The popularity of the cinema at that time is (15) ....... difficult to explain: it was accessible, glamorous

and cheap. At (16) .... height, between 1920 and 1950, a very small sum of money (17) ...

guarantee a good seat in the cinema. In the 1920s, the usual venue was a small,

neighbourhood hall. The audience was drawn from the local area, and could (18) .......... some

occasions be rather noisy. By the end of the 1930s, (19) , the venue was more likely to be in

(20) . of the larger cinemas known as 'picture palaces', which were springing up everywhere
in city centres (21) ............. accommodate audiences of over two thousand people. (22) ....

these establishments, the audiences were expected to be well behaved; the performances
were organised just (23) ........................................................................military operations, (24)

....................... uniformed staff on hand to control the queues and usherettes to direct seating


These large cinemas attracted (25) ....... very mixed audience, although oidor people were less likely
to be cinema-goers than adolescents .... As might be expected, people in rural areas were (26) .....
immersed in the cinema than were people in towns, simply (27) ..... of the greater provision of
cinemas in urban areas.

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19 however / though 20 one 21 to 22 At / In 23 like 24 with / having
25 a 26 less 27 because
Spacemen's autographs

Once twelve astronauts actually (0) set foot on the moon during the US Apollo
space programme between 1969 and 1972. Some have since (13) household
names like Neil Armstrong, (14) made the original 'giant leap for mankind' and
Buzz Aldrin, his co-pilot on that mission. The other ten are less well-known, even (15)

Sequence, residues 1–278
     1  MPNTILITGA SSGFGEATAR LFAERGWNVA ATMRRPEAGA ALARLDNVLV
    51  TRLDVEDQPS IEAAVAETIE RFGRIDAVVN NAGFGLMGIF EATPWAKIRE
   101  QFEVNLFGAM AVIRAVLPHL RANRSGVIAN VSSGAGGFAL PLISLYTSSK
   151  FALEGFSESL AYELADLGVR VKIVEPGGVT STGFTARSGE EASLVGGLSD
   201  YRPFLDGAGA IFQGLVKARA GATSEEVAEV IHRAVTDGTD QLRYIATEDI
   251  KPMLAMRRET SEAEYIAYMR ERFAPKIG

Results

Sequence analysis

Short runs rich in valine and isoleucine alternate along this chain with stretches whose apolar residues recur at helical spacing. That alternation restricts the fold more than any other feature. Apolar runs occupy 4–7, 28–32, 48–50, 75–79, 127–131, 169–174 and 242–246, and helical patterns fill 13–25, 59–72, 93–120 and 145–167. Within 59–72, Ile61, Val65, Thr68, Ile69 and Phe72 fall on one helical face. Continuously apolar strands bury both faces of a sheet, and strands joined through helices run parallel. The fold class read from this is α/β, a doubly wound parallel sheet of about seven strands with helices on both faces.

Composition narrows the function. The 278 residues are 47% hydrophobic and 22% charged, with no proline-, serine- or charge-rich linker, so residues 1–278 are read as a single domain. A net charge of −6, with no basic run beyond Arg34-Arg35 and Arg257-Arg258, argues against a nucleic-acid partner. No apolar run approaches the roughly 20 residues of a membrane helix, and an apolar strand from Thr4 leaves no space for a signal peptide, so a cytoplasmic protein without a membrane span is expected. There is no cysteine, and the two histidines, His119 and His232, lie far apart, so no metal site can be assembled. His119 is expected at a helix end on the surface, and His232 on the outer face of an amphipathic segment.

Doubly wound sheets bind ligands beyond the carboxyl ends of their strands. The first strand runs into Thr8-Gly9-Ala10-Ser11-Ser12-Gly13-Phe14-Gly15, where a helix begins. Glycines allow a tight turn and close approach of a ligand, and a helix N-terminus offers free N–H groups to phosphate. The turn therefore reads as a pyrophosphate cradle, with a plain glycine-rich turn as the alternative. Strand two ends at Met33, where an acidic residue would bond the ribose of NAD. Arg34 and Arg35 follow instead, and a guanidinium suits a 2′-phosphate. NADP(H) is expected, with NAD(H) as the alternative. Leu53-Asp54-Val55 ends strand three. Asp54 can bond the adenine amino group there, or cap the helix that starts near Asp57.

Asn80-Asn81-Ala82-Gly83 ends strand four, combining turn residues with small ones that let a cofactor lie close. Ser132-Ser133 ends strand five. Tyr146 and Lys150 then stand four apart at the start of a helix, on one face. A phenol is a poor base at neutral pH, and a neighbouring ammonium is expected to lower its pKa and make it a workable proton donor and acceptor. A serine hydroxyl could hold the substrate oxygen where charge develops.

each made his own contribution to the programme.
But to Paul Prendergast, a postal worker from London. they are all pioneers, worthy
to be mentioned in the (16) breath as the great explorers of earlier eras, {17)
as Christopher Columbus. Paul's fascination (18) the subject began in 2000
(19) he attended a convention for people (20) hobby is collecting autographs.
There he met Alan Bean (fourth man on the moon) and Ed Mitchell (sixth). As he
remembers: 'There were television stars there, people from Bond movies, and so (21)
but these men had walked on the moon. I headed straight to meet them and
ask for their autographs.' For a collector, the challenge of hold of the
remaining ten proved irresistible.
Yet Paul's quest was never going to be entirely straightforward. After (24) at that
time, only vine of the astronauts were still alive and two (25) given up signing
autographs years before. Paul eventually (26) to achieve his goals, (27) , by
establishing contacts with other collectors, by buying from reputable
dealers and by attending specialist auctions.